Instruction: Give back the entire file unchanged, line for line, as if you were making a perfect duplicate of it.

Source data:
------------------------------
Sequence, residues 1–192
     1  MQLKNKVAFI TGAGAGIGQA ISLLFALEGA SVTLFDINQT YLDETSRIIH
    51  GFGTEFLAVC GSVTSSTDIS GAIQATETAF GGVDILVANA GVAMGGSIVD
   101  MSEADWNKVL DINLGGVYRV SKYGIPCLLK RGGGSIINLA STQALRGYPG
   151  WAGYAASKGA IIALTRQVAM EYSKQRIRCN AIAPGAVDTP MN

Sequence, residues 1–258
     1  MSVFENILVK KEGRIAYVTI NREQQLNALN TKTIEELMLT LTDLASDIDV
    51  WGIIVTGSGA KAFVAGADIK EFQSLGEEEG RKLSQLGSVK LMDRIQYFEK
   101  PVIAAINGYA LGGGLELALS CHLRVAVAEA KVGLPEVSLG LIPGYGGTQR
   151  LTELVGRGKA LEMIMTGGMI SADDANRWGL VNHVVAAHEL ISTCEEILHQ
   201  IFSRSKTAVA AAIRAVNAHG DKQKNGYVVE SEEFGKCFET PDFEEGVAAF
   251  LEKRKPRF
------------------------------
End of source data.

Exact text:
Sequence, residues 1–192
     1  MQLKNKVAFI TGAGAGIGQA ISLLFALEGA SVTLFDINQT YLDETSRIIH
    51  GFGTEFLAVC GSVTSSTDIS GAIQATETAF GGVDILVANA GVAMGGSIVD
   101  MSEADWNKVL DINLGGVYRV SKYGIPCLLK RGGGSIINLA STQALRGYPG
   151  WAGYAASKGA IIALTRQVAM EYSKQRIRCN AIAPGAVDTP MN

Sequence, residues 1–258
     1  MSVFENILVK KEGRIAYVTI NREQQLNALN TKTIEELMLT LTDLASDIDV
    51  WGIIVTGSGA KAFVAGADIK EFQSLGEEEG RKLSQLGSVK LMDRIQYFEK
   101  PVIAAINGYA LGGGLELALS CHLRVAVAEA KVGLPEVSLG LIPGYGGTQR
   151  LTELVGRGKA LEMIMTGGMI SADDANRWGL VNHVVAAHEL ISTCEEILHQ
   201  IFSRSKTAVA AAIRAVNAHG DKQKNGYVVE SEEFGKCFET PDFEEGVAAF
   251  LEKRKPRF